Into the Mystic: How is it With Your Spirit?
I am a glass half full kind of leader.
Even for people whose nature it is to be optimistic and able to see the good that comes out of even bad situations, these are troubling times. When your spirit is low, it has to be acknowledged and attended to.
I am a glass half full kind of leader. Well, truth be told, I am a glass mostly full kind of leader. I like to look for the good in all things. I orient toward the future with hope in most circumstances. I see possibility in abundance. Honestly, I don’t know if that is the result of sheer determination on my part or simply the way I am wired – or some combination of both, which seems more likely. What I do know is that even in the worst of circumstances I look for something to attach to that brings a ray of hope, a reason to laugh, and an expectation of better times ahead.
It is hard for me to remember too many times in my life that have challenged my ability to orient towards a bright and hopeful future than the time we are living through right now. We are three months into a shelter in place order because of a global pandemic that threatens the health of everyone on the planet and the lives of a good percentage of us. We are three weeks into a long episode of peaceful justice advocates marching in the streets night after night in legion numbers in response to the brutal murder of George Floyd by police officers.
Fear and anxiety and death and outrage all combine to create a time of chaos and uncertainty. And still, most days I awaken hopeful and alert to the possibility that both the pandemic and the protests will usher in a new day that we will look back on and be grateful for. I can’t say that we will or should be grateful for the disease and the death, the racism and the senseless murder of innocent and unarmed black and brown bodies. But with all of this we see once again the capacity for the human community to band together with courage and resolve to not just respond to but grow from the pain and suffering.
All of that being said, and my orientation towards light and hope and transforming crisis into growth – I woke up one day last week edgy and angry. I couldn’t pinpoint the cause for my anger. I couldn’t say what was said or done that triggered those feelings. I could not identify who it was I was angry with or what it was I was angry about. I talked with a number of people throughout the day about it, and just could not understand why I was feeling that way. And I could not shake the feeling. I didn’t want to be angry and on edge. But I couldn’t shake the feeling. It ate at me.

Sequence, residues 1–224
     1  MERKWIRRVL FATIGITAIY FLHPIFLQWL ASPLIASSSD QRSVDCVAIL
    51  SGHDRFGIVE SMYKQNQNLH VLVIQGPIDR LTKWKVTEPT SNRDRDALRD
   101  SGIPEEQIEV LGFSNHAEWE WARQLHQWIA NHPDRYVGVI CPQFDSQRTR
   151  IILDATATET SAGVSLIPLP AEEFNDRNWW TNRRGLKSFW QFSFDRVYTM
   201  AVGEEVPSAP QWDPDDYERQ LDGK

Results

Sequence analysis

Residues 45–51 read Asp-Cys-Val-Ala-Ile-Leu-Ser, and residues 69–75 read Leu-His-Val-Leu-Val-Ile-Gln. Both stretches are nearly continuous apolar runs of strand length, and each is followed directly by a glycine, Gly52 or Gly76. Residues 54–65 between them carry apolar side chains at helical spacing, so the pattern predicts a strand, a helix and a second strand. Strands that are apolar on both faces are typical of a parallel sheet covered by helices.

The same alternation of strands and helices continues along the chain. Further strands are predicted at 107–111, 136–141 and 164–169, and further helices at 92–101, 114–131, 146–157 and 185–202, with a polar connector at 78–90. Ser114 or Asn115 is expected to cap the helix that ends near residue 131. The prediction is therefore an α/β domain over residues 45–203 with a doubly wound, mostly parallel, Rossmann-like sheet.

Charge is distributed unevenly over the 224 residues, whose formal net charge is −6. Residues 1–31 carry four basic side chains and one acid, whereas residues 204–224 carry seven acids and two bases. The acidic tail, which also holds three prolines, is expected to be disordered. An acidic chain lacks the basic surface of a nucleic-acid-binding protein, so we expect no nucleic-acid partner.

I suspect that the constant barrage of news stories about death and destruction could do this to me. I suspect the constant noise of people yelling at each other on social media pages about who is and isn’t wearing a mask, who is and isn’t supporting Black Lives Matter, or who is or isn’t voting for Donald Trump and why in the next election could do this to me. I suppose that waking up every day to news of or decisions that have to be made about cancellations for important moments in the life of a Church I love could do this to me. I suppose hour after hour of sitting at my desk in one zoom call after another while emails gather and phone messages stack up and tasks get put on hold could do this to me. Put all of that together, and even a blatantly committed optimist and hope-mongerer like me is bound to wake up angry once in a while.
A good spiritual director will often ask: how is it with your spirit?
I invite all of us to slow down a little once in a while and ask that question of ourselves. These are hard days – made all the harder by the loss of interaction with loved ones and friends who might be able to soothe some of the pain and hurt and confusion we are living with. How is it with your spirit?
Mine is a little more troubled these days. I will continue to orient towards the good and the hopeful – and not just out of defiance or denial. I really do trust that growth is coming. I intend to be an agent for the good that I know we can manufacture if we commit to the hard work of transformation.
But let us all tend to the care of our spirits in and through this time. I am taking two random days off next week – just because. It is not the work that demands that – in fact the work load suggests I NOT do that.
But the Spirit is not well, and needs a little tending to.
Friends, take care of yourself. These are hard days. Much is going to be required of us, and we have to pay attention to our spiritual as well as physical health on this, our journey Into the Mystic.